I think it’s great to get involved with causes that are particular to individual cases, but overall I want people to get involved with causes that are, like Parley, thinking comprehensively and long-term—those who are trying to prevent the natural disaster from happening in the first place. We need to support and create long-term solutions. We can’t just give money and put in effort each time something bad happens, then we won’t prevent it from happening again and again. We need to turn off the plastic tap. We need to address the illness, nut just the symptoms.

The most important step towards our common goal is to create a new consciousness, a new way of thinking that allows us to live in peace with nature on this blue planet. Governments need to get involved, and we should implement these new ways of looking at the environment into classes in schools. It’s far more important than most other classes that are currently part of our youngest generation’s curriculum. If we don’t change the ways we think, there will be no Earth left for them to roam anyway—or no human future on Earth for the next generation to define.

What ways do you think the fashion/beauty industry still needs to change and progress?

I think there need to be some rules instated and stronger accountability. The fashion and beauty industry needs to stop mass production, to a certain degree, as it brings mass consumption. Nowadays, products are made to break. It’s part of certain companies’ policies to make sure their products don’t last very long, so that people will break them and then have to buy more. The advertising campaigns brands launched around these products have a big influence in shaping this mentality as well.

As consumers, we’ve barely bought the new collection before the next one is out. Almost on your way out of the store, you’re told by advertisements to buy something else. Advertisements today are focused on making you feel that you’re not yet cool, feeding you this idea that you need to buy new things constantly to stay on top of the game. I think that we have a lot of work to do on this end.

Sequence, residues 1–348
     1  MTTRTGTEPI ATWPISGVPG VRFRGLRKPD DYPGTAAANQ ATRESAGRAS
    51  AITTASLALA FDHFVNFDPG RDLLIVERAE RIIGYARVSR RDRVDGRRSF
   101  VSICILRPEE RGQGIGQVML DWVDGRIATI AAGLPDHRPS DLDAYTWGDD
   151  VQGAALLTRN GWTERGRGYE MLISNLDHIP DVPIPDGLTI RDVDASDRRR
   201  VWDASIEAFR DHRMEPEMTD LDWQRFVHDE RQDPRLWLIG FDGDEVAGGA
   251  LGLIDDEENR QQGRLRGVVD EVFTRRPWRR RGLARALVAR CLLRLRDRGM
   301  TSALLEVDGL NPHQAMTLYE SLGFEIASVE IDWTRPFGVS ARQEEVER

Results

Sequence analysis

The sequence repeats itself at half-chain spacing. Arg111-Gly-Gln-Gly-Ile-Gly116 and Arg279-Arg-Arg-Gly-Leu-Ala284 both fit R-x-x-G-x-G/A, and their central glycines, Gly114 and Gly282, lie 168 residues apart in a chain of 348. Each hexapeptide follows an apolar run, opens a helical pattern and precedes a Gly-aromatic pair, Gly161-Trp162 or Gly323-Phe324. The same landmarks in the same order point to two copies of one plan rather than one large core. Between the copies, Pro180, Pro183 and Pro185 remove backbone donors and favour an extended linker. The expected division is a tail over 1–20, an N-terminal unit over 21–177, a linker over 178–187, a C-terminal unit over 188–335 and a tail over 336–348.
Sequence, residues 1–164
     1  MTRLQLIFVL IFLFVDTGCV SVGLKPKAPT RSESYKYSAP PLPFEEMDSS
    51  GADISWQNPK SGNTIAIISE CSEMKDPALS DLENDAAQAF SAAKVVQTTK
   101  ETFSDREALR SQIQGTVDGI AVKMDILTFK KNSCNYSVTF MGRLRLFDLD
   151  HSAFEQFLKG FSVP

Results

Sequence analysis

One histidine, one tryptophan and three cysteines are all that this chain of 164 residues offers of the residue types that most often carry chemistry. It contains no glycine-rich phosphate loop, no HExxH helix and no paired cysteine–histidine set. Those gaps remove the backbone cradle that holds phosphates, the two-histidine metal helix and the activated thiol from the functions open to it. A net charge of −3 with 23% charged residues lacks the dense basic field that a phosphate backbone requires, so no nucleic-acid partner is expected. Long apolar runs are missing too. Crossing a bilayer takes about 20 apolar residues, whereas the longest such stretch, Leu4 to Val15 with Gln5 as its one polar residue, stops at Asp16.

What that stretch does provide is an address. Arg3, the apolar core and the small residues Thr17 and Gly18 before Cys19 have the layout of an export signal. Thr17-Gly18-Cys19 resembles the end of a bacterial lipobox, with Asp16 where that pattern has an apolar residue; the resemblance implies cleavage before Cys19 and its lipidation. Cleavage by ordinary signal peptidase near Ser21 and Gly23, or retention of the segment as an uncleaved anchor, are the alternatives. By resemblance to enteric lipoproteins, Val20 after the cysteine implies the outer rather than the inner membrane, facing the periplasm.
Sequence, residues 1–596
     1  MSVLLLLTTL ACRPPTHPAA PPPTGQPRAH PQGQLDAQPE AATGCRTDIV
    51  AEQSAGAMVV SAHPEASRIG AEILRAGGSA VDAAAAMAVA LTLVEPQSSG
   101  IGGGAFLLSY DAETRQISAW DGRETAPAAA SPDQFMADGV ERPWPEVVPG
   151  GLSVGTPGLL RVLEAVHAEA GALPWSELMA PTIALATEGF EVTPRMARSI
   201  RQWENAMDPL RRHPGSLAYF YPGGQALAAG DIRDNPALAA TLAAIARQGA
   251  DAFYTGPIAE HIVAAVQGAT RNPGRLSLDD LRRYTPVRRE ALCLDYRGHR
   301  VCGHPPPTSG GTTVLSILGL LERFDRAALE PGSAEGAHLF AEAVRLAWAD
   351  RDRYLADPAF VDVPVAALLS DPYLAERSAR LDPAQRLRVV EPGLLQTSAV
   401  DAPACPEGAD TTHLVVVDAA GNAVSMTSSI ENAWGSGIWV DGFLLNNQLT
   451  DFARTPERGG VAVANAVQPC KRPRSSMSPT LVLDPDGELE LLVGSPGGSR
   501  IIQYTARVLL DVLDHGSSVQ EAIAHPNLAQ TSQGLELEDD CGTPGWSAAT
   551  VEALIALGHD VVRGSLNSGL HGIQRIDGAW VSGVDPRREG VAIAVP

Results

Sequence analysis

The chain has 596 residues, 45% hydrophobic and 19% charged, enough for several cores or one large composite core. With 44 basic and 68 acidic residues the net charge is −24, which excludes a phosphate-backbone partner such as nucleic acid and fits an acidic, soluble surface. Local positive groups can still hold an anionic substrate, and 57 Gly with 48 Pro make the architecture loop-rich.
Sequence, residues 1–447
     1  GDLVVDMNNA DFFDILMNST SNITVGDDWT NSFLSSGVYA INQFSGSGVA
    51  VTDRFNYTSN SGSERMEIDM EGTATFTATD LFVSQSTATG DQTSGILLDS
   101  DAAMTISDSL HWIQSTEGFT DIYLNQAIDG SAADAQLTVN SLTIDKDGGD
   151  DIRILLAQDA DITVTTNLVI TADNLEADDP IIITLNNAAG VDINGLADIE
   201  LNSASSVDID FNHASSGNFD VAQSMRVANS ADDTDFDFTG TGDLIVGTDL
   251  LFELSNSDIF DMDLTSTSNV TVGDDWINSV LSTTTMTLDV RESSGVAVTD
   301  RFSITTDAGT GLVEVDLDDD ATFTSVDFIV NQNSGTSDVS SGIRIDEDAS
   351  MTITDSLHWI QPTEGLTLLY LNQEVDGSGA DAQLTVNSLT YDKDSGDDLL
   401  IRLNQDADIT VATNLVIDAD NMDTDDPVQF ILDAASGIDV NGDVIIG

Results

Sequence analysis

Advertisements are of course targeted to create good business, but what is a good business if it’s ruining our planet? We need advertisements to teach the general public about the new ways of fashion. We need to define “cool” with purpose and substance. That shift is already in motion among consumers, but business has been slow to change. The amount of products made are growing rapidly, and the amount of collections we’re presented with are only going up as well. More advertisements, more consumption, more waste. By buying into this idea, we the consumers, are allowing it to happen and to grow. It’s a bad circle, and it will only stop when we want it to. Each time you swipe your card, buying something that you don’t actually need, you’re hurting the ecosystem, or allowing others to ruin it. But what if we looked at every dollar we spend as a vote? I want everyone to wake up and start caring about the planet we call home.

What other projects do you have on the horizon that you can tell me about?

I’m working on my own exhibition called Nuna Awaq ("Soul of the Artisans" in Quechua), where I want to unite culture, the art of knitting, and promote sustainable fashion.

With Nuna Awaq, I seek to show the world that sustainable fashion has always been there, and that artisans are the core of it. I’m creating pieces with the artisans that I work with in Peru. To show their art with hands, art that is being passed down from generation to generation, and now for the capitalism is getting lost. We need to start paying attention and empower ethical and sustainable, more eco innovative, fashion.

It’s no longer a matter of choice. It’s not trendy to care about the environment, it’s crucial. One night during Parley Ocean School, we watched the documentary Mission Blue about the legendary oceanographer Dr. Sylvia Earle. In it she sums our situation up nicely in just four words: “No ocean, no life. No ocean, no us.” This is the message we’re trying to spread, and more importantly, to live by. The threats are many. But so are the solutions.